Perhaps the earth-shattering rumors of pop icon Taylor Swift cozying up with Kansas City Chiefs tight end Travis Kelce will be the moment American football finally kicks its way into global stardom. However, the Swift-Kelce saga is but a monumental stepping stone in a long-growing story: the evolving popularity of the National Football League (NFL) and American football beyond the borders of the United States of America.
Intrinsic to its name, American football’s roots are most strongly intertwined with American culture and pastimes, on par with hot dog-eating contests and presidential turkey pardons. However, in recent years, the NFL has embarked on a strategic mission to broaden its horizons and extend its reach beyond the confines of the US.
On paper, American football’s chief representative has little reason or need to grow. Since 1972, it has been the most popular sport in the United States. Subsequently, despite the greater international appeal of its two chief competitors, the National Basketball Association (NBA) and Major League Baseball (MLB), its teams and revenue are worth more.
But, as the old adage goes, “If you’re not moving forward, you’re moving backward.” Yes, the NFL may genuinely wish to expand its viewership outside the US and find A Place In This World. For now, though, the NFL’s interest in growing internationally arguably provides it the greatest benefit in keeping its competitive edge among American sports leagues.
According to the NFL, Super Bowl LVII saw a 7% increase in international viewership from the year before as the Kansas City Chiefs notched a 38-35 win over the Philadelphia Eagles (perhaps, if the Kelce-Swift saga started earlier, more fans would have been Enchanted and that number much higher). Arguably, a large part of the NFL’s growth abroad has to do with the rise of streaming services and ease of watching for viewers globally. This slow but steady globalization of American football underscores the league’s determination to transcend its domestic roots and be a global product. After all, what could unite people more than grown men tackling and throwing each other over an oblong ball?
Almost all countries that have or plan to host NFL games as part of its International Series were part of the 10 countries with the highest viewership outside the US in 2015. It is important to note that no study has been done since then on NFL viewership outside the US. But, based on the NFL’s behavior, its marketing efforts seem to be paying off in the countries where it’s invested.
Except for 2020, the NFL has hosted at least one game in London every year since 2007. The NFL has also, albeit with less consistency, hosted games in Mexico and confirmed additional cities in Brazil and Spain as future host sites. More recently, the league’s growing popularity in Germany led to the league hosting a matchup between the Tampa Bay Buccaneers and Seattle Seahawks in Munich in 2022. This traction led to the NFL scheduling two games each in Frankfurt and Munich over the following four years. Perhaps, American football is the most significant American export to Germany since David Hasselhoff in 1989. That, or 1989 a la Swift.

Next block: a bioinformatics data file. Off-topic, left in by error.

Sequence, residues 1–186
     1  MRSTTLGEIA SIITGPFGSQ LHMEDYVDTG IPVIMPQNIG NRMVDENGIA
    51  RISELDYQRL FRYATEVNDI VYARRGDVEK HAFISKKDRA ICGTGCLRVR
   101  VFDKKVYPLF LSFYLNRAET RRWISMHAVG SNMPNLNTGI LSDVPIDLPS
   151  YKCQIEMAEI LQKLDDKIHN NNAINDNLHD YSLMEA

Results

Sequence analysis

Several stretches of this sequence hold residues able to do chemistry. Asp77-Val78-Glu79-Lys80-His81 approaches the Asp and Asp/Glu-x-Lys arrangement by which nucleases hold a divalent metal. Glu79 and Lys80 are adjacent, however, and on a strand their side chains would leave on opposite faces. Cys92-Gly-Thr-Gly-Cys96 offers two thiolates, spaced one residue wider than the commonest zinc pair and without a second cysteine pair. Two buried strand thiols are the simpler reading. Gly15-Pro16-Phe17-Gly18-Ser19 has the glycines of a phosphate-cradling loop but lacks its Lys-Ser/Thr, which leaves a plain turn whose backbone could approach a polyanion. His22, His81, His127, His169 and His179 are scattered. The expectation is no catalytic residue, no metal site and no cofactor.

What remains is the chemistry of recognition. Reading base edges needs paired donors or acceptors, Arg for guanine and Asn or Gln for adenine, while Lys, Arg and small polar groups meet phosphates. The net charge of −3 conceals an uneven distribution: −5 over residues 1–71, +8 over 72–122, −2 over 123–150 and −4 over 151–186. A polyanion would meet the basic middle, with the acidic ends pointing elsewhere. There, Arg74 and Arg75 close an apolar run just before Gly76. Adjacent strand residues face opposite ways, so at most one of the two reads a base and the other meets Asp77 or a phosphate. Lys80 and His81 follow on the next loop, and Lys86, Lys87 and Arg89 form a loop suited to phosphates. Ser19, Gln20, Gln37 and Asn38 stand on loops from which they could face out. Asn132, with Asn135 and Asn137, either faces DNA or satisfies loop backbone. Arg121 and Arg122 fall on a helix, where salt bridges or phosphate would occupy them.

But, then, there’s the question of international talent, which is currently a bit of a Blank Space for the NFL. Currently, the 82 international players form a very small percentage of the 1,696 active players presently on an NFL roster. Contrast that with other American sports leagues, such as the National Basketball Association (NBA) or Major League Baseball (MLB). Around 28% of current MLB players and 24.1% of current NBA players were born or represent countries outside the US, including some of the most accomplished and recognized in each of these leagues. The MLB’s popularity is still largely limited, but the traction in the markets where MLB has invested in recent years is still discernible, even outpacing US viewership in some countries. As of now, the NFL’s dream to catch up on international talent only exists in its Wildest Dreams.
However, baseball and basketball also have strong national and continental leagues outside of the US that can more easily direct attention to the MLB and NBA, respectively. The only institution that brings together the handful of American football teams outside of the US is the International Federation of American Football (IFAF). For this reason, the NFL’s limited and largely American talent pool prevents it from having a Love Story with the rest of the world. To rectify their struggles with attracting international talent, the NFL established the International Player Pathway Program (IPPP). Presently, a majority of NFL players with non-American nationalities hail from Canada, Australia, and Nigeria. While there are 125 players of African descent from 15 countries, a majority are first-generation Americans; thus, it is difficult to attribute this figure to any traction or popularity in Africa. For this reason, the NFL headed to Kenya in August 2023 as part of its expansion efforts in Africa and the broader global context.
The NFL still has a long way to go before it can internationally paint the town Red. With a little help from the Kelce-Swift axis, who knows, they might just score a touchdown in the world of international sports. Perhaps, one day it will grow enough that more people in more places in the world will have to ask, “Which football?”